Monday, June 13, 2011

EDITORIAL: My Case for Vegetarianism

By Christina Fermin

Politics & Society Columnist

I have been a vegetarian for almost 4 years, and I must say I do not regret it at all. There are many reasons why I become a vegetarian, but it mostly has to do with health purposes. Like many of you I never dreamed of becoming a vegetarian, it just kind of happened. I was an avid carnivore and loved my pork, steaks and hamburgers, and very much disliked anything that was considered "rabbit food". Growing up in a Latin househould I ate meat 4-5 days a week and loved every minute of it. When I went to my family and told them I was a vegetarian it was quite shocking.

It all started a few years ago when there was a lot of talk about hormones in chickens, pigs and cows, from there I began doing my own research. I saw the disgusting practices used by corporations who slaughtered 10 billion animals a year to feed the carnivores of this country. That numbered staggered me and when I learned about the process of how the meat, poultry and fish was bagged and shipped it horrified me. I must say I am an animal lover and I could never imagine doing such a practice to a loved pet.

Aside from the killing practices of these slaughter houses, I delved deeper into our meat eating culture. It surprised me to learn that our ancestors did not eat meat as much as we thought they did, especially in the hunter-gatherer days, our ancestors spent more time eating fruits, vegetables, and nuts, the likelihood of capturing an animal to eat was minimal. Many health problems today can be attributed to poor diet and too much red meat, such as cancer, heart disease, diabetes, colon cancer, impotence, kidney disease, osteoporosis, hypertension, obesity and the list goes on.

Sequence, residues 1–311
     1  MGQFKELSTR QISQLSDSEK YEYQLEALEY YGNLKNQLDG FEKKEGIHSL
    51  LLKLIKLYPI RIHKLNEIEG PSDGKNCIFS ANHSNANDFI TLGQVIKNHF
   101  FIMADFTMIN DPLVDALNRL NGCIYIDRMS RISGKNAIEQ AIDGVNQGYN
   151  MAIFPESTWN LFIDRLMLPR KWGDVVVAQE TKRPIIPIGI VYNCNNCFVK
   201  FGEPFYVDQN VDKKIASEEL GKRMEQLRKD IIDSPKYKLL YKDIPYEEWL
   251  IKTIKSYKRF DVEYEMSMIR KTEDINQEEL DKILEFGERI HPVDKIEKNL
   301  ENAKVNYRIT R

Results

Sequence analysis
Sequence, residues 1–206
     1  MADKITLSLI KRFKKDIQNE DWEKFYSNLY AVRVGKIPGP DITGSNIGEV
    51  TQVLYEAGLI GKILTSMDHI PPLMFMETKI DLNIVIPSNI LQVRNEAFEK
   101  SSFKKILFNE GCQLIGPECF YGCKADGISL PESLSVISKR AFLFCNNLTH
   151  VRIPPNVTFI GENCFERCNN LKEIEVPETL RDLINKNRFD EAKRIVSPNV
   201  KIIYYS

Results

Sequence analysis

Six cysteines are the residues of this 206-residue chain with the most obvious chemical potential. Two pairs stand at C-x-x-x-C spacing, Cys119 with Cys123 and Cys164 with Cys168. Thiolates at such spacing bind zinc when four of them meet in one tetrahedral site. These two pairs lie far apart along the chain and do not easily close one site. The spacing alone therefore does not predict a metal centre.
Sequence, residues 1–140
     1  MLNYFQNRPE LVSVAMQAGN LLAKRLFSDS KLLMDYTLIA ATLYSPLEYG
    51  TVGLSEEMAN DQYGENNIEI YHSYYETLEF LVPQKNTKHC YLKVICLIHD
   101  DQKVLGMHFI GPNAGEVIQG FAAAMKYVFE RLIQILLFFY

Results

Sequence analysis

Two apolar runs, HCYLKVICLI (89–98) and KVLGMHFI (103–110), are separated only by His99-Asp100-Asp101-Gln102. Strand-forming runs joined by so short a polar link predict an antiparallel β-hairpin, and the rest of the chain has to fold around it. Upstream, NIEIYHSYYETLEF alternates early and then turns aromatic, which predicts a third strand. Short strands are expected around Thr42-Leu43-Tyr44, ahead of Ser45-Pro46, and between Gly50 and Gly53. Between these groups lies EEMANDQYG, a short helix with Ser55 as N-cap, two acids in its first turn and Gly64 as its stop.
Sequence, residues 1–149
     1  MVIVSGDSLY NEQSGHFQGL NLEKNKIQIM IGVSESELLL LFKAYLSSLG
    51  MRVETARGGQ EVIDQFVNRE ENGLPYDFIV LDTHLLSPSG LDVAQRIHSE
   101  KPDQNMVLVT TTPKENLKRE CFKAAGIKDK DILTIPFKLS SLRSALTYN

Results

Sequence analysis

If you are as dedicated to go green and reducing your carbon footprint as I am, you do not necessarily have to become a vegetarian. You can try meatless Mondays, a concept that encourages you to prepare a meal a week that does not include meat. It is amazing how reducing your meat intake to 1 day a week will drastically reduce your carbon footprint.

Here in the U.S. we use a very unsustainable method of animal farming, so much so that there is a huge problem in properly disposing of animal waste which eventually finds its way into our streams, rivers and drinking water. This causes all sorts of havoc on the environment which affects our daily lives. In South America, the Amazon rainforest is being cut down by hundreds of acres a minute to produce land for cows so that the U.S. can serve burgers in our fast food chains.

Because of our over consumption of meat, we now face the horrors from deforestation, the effects of the hormones that go into these animals to grow faster, agrochemicals to make feed for them, waste created by 10 billion animals yearly, fuel used to transport the animals, and imagine the energy that you consume from such an outdated inhumane practice. If you are going to eat meat go with Organically grown offerings and shop local farmers markets to reduce that carbon footprint. Protect yourself and your family and go vegetarian a few days a week. You will not only feel better, you will look better, younger and you will be doing your body a favor.

Since I have become a vegetarian I have noticed that I look better, feel better, have more energy, and I have changed for the better. Yes there are times where I see a nice juicy steak and wish that I could have a bite, but then I am reminded of why I did this. I cannot imagine being a part of an industry that slaughters 10 billion animals a year, and I would be devasted if I were to get a disease like diabetes. I now have a love affair with vegetables and eat things that I never thought I would eat, since becoming a vegetarian I have influenced others to do so or influenced others to be more aware of what they eat. It comes down to being aware of your actions and understanding how they impact the world around you. What better way of making the world a better place than to have the power of deciding what goes into your body.

Peace & Harmony,


About the Columnist

With a bachelors degree in political science from Florida Atlantic University, Christina Fermin has always cultivated her love for history, politics, sociology, ancient knowledge and teachings, the outdoors, the ocean and the environment. Christina strives to make our world better by helping us all create a new reality and understanding of all taking place here and now.


I'll stop eating meat when the Lion lies with the Lamb.


Twitter Delicious Facebook Digg Stumbleupon Favorites More

Related Posts Plugin for WordPress, Blogger...